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Diversity of 3D APAR and LAI dynamics in broadleaf and coniferous forests: Implications for the interpretation of remote sensing-based products


Kesselring, Jasmin; Morsdorf, Felix; Kükenbrink, Daniel; Gastellu-Etchegorry, Jean-Philippe; Damm, Alexander (2024). Diversity of 3D APAR and LAI dynamics in broadleaf and coniferous forests: Implications for the interpretation of remote sensing-based products. Remote Sensing of Environment, 306:114116.

Abstract

Forests substantially mediate the water and carbon dioxide exchanges between terrestrial ecosystems and the atmosphere. The rate of this exchange, including evapotranspiration (ET) and gross primary production (GPP), depends mainly on the underlying vegetation type, health state, and the composition of abiotic environmental drivers. However, the complex 3D structure of forest canopies and the inherent top-view perspective of optical and thermal remote sensing complicate remote sensing-based retrievals of biotic and abiotic factors that eventually determine ET and GPP. This study investigates the sensitivity of remote sensing approaches to 3D variation of abiotic and biotic environmental drivers. We use 3D virtual scenes of two structurally different Swiss forests and the radiative transfer model DART to simulate the 3D distribution of solar irradiance and reflected radiance in the forest canopy. These simulations, in combination with LiDAR data, are used to derive the absorbed photosynthetic active radiation (APAR) and the leaf area index (LAI) in 3D space. The 3D variation of both parameters was quantified and analyzed. We then simulated images of the top-of-canopy bi-directional reflectance factor (BRF) and compared them with the hemispheric-conical reflectance factor (HCRF) data derived from HyPlant airborne imaging spectrometer measurements. The simulated BRF data was used to derive APAR and LAI, and the results were compared to their respective 3D representations. We unravel considerable spatial differences between both representations. We discuss possible reasons for the disagreement, including a potential insensitivity of the inherent top-of-canopy view for the real 3D product dynamics and limitations of the processing of remote sensing data, especially the approximation of effective surface irradiance. Our results can help understanding sources of uncertainties in remote sensing based gas exchange products and defining mitigation strategies.

Abstract

Forests substantially mediate the water and carbon dioxide exchanges between terrestrial ecosystems and the atmosphere. The rate of this exchange, including evapotranspiration (ET) and gross primary production (GPP), depends mainly on the underlying vegetation type, health state, and the composition of abiotic environmental drivers. However, the complex 3D structure of forest canopies and the inherent top-view perspective of optical and thermal remote sensing complicate remote sensing-based retrievals of biotic and abiotic factors that eventually determine ET and GPP. This study investigates the sensitivity of remote sensing approaches to 3D variation of abiotic and biotic environmental drivers. We use 3D virtual scenes of two structurally different Swiss forests and the radiative transfer model DART to simulate the 3D distribution of solar irradiance and reflected radiance in the forest canopy. These simulations, in combination with LiDAR data, are used to derive the absorbed photosynthetic active radiation (APAR) and the leaf area index (LAI) in 3D space. The 3D variation of both parameters was quantified and analyzed. We then simulated images of the top-of-canopy bi-directional reflectance factor (BRF) and compared them with the hemispheric-conical reflectance factor (HCRF) data derived from HyPlant airborne imaging spectrometer measurements. The simulated BRF data was used to derive APAR and LAI, and the results were compared to their respective 3D representations. We unravel considerable spatial differences between both representations. We discuss possible reasons for the disagreement, including a potential insensitivity of the inherent top-of-canopy view for the real 3D product dynamics and limitations of the processing of remote sensing data, especially the approximation of effective surface irradiance. Our results can help understanding sources of uncertainties in remote sensing based gas exchange products and defining mitigation strategies.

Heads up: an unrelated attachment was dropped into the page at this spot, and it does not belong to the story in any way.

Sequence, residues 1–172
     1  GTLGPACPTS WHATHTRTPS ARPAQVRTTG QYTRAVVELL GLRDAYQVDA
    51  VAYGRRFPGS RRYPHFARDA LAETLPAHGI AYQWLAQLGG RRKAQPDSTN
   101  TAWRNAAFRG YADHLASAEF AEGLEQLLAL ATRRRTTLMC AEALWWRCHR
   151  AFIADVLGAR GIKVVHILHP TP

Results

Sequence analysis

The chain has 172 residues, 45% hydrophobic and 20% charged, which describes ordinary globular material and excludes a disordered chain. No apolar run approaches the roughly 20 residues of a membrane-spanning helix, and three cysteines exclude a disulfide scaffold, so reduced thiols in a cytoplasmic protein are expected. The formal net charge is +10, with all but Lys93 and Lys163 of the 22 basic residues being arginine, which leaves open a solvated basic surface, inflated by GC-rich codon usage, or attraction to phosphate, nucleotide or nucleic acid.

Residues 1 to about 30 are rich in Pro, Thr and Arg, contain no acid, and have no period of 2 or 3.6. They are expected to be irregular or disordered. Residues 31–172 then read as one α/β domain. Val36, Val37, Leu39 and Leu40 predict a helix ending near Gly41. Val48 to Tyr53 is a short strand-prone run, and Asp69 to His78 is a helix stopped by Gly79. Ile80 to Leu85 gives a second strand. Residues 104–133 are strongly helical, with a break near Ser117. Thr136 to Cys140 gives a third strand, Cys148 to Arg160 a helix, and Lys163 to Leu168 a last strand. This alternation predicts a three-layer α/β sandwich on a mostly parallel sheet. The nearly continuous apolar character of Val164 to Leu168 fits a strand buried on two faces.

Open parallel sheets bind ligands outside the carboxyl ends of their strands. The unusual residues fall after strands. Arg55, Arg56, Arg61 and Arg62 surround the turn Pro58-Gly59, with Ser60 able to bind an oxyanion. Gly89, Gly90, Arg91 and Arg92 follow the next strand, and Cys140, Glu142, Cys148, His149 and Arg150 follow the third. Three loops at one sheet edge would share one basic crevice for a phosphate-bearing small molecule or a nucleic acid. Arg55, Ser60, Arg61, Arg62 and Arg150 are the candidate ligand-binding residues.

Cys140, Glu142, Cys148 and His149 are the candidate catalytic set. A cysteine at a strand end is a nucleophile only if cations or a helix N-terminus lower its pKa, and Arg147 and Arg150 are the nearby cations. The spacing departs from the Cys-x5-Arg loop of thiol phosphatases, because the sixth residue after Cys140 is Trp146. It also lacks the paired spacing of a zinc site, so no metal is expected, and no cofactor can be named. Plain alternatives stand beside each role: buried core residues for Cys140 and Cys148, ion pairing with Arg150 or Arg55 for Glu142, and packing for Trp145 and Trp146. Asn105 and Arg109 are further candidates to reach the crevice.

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Additional indexing

Item Type:Journal Article, refereed, original work
Communities & Collections:07 Faculty of Science > Institute of Geography
Dewey Decimal Classification:910 Geography & travel
Scopus Subject Areas:Life Sciences > Soil Science
Physical Sciences > Geology
Physical Sciences > Computers in Earth Sciences
Language:English
Date:1 May 2024
Deposited On:24 Apr 2024 14:15
Last Modified:25 Apr 2024 20:00
Publisher:Elsevier
ISSN:0034-4257
OA Status:Hybrid
Publisher DOI:https://doi.org/10.1016/j.rse.2024.114116
Project Information:
  • : FunderSNSF
  • : Grant ID197243
  • : Project TitleFLUO4ECO - Combining Fluorescence Spectroscopy and Mechanistic Modelling for Advanced Assessments of Ecosystem Photosynthesis
  • Content: Published Version
  • Language: English
  • Licence: Creative Commons: Attribution 4.0 International (CC BY 4.0)